The governing documents established at the creation of the trust determine what happens if the role of trustee is vacated for any reason. This includes the trustee’s decision to step out of the role, a legal conflict in which the court determines the trustee needs to step down, or the death of the trustee.
If none of the trust documents explain that there’s a successor trustee or what should happen if the original trustee passes away, this raises concerns for the beneficiaries. For this reason, the creator of the trust should think about this situation in advance.
The appointment of co-trustees removes the immediate need for appointment of someone new, but this should only be done in situations where the co-trustees will be able to get along and make decisions about the trust in a collaborative manner; the appointment of co-trustees who can’t work together can do more harm than good.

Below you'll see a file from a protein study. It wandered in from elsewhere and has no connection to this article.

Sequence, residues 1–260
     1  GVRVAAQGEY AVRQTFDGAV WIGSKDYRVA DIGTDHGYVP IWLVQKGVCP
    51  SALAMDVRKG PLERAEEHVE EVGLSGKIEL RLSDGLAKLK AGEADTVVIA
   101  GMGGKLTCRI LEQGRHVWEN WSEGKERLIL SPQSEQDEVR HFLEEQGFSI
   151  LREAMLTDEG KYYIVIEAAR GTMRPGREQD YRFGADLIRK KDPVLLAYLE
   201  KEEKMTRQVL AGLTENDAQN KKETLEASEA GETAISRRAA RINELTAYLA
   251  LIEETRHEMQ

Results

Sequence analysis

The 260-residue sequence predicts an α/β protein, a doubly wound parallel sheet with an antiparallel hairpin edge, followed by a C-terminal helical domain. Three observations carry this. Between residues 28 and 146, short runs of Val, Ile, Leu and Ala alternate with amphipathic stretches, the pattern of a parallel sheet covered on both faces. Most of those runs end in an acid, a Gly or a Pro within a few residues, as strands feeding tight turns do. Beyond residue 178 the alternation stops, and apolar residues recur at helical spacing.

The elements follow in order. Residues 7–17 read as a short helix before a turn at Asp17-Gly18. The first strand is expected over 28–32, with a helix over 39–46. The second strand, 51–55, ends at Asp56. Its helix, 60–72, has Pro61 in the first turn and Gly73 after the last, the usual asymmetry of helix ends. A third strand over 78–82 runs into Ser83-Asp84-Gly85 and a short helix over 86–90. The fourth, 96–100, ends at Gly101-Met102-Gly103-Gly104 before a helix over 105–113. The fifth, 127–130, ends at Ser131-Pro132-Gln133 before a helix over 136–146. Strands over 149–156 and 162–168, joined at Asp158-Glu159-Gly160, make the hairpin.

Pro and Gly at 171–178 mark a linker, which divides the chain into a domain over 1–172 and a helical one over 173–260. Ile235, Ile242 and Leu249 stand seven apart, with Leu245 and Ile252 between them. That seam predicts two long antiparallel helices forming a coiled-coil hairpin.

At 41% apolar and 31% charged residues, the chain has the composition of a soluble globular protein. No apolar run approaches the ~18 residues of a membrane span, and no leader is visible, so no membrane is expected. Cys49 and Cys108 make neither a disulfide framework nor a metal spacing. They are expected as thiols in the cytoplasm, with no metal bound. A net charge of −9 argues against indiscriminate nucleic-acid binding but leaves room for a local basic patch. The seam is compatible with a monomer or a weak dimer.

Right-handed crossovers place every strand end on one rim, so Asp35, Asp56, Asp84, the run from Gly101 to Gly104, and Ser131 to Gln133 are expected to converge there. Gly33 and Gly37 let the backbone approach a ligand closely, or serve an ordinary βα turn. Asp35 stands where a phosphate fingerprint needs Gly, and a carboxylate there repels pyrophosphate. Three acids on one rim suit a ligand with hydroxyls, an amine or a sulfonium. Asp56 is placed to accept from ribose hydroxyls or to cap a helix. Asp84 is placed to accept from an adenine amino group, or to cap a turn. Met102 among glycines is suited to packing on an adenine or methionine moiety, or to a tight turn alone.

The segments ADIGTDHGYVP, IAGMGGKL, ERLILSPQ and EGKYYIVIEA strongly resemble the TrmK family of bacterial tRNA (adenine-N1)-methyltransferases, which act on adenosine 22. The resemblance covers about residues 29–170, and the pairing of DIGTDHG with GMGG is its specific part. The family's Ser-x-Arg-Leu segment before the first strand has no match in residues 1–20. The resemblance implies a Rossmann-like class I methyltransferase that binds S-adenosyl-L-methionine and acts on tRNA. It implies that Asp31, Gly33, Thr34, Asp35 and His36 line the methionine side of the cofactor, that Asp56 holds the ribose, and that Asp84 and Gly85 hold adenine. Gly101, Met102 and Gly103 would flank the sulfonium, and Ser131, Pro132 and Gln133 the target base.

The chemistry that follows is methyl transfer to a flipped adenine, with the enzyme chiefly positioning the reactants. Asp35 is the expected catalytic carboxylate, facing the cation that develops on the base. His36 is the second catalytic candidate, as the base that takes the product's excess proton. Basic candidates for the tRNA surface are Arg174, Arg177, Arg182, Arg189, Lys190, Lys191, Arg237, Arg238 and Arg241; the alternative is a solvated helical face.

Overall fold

If that has not happened, however, there are options for beneficiaries to take action so that a successor trustee can be named.
If there is a vacancy for the role of trustee in Maryland with no co-trustee currently in service, that vacancy is filled in the following order:
- By a person listed in the trust document as a successor trustee
- By a person who has been unanimously appointment by all involved and qualified beneficiaries
- By a person who has been formally appointed by the court
Qualified beneficiaries include permissible recipients of that trust’s income or principal and those who could become permissible recipients if the trust were to terminate. Ready to discuss trustee and successor trustee options? A phone call with our Maryland trust and estate lawyers can help.